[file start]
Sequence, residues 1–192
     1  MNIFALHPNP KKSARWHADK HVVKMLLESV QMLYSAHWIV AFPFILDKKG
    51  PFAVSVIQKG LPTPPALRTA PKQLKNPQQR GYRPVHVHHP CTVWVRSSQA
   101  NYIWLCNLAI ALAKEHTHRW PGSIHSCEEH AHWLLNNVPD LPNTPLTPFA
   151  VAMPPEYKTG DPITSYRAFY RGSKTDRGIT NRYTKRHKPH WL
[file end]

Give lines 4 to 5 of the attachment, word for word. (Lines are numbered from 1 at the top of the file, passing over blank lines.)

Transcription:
   101  NYIWLCNLAI ALAKEHTHRW PGSIHSCEEH AHWLLNNVPD LPNTPLTPFA
   151  VAMPPEYKTG DPITSYRAFY RGSKTDRGIT NRYTKRHKPH WL